Juno snaps its first pic of Jupiter

Image indicates spacecraft healthy after navigating gas giant’s harsh environs

Jupiter and its moons

PLANET PORTRAIT  Jupiter and three of its moons (left to right: Io, Europa and Ganymede) pose for a July 10 family portrait. It’s the first snapshot taken by the Juno spacecraft since arriving at the planet on July 4.

JPL-Caltech/NASA, SWRI, MSSS

NASA’s Juno spacecraft has sent back its first picture of Jupiter since arriving at the planet July 4 (SN: 7/23/16, p. 14). The image, taken July 10 when the spacecraft was 4.3 million kilometers from Jupiter, shows off the planet’s clouds, its Great Red Spot (a storm a bit wider than Earth) and three of its moons (Io, Europa and Ganymede).

Juno is on the outbound leg of its first of two 53.5-day orbits of the gas giant (Juno will then settle into 14-day orbits). During orbit insertion, all of Juno’s scientific instruments were turned off while the spacecraft made its first dive through the harsh radiation belts that encircle the planet. This first image indicates that Juno is in good health and ready to study the largest planet in the solar system.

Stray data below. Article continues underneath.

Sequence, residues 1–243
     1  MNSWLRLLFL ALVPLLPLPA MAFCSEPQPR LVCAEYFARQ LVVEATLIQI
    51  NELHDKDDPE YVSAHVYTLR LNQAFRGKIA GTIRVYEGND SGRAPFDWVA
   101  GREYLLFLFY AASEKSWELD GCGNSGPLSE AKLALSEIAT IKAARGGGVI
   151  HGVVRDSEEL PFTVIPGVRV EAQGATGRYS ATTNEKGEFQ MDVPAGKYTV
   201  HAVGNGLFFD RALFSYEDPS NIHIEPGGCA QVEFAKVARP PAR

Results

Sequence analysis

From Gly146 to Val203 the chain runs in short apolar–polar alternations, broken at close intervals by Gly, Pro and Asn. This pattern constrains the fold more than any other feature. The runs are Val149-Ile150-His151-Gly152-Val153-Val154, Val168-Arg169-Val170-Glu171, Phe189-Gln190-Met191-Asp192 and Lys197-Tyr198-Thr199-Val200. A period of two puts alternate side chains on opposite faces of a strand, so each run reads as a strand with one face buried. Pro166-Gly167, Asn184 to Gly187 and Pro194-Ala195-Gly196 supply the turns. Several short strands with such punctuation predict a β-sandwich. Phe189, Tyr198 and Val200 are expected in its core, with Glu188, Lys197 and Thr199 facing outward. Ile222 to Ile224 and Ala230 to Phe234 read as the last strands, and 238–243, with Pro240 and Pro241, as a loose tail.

The probe is the ninth to visit Jupiter and the second to stay in orbit (SN: 6/25/2016, p. 32). For the next 20 months, Juno will investigate what lurks beneath the opaque clouds that enshroud the planet (SN: 6/25/2016, p. 16). The spacecraft won’t take its first intimate pictures of Jupiter until August 27, when it flies within 5,000 kilometers of the cloud tops.  

Christopher Crockett is a freelance science writer and editor based in Arlington, Va. He has a Ph.D. in astronomy from the University of California, Los Angeles.

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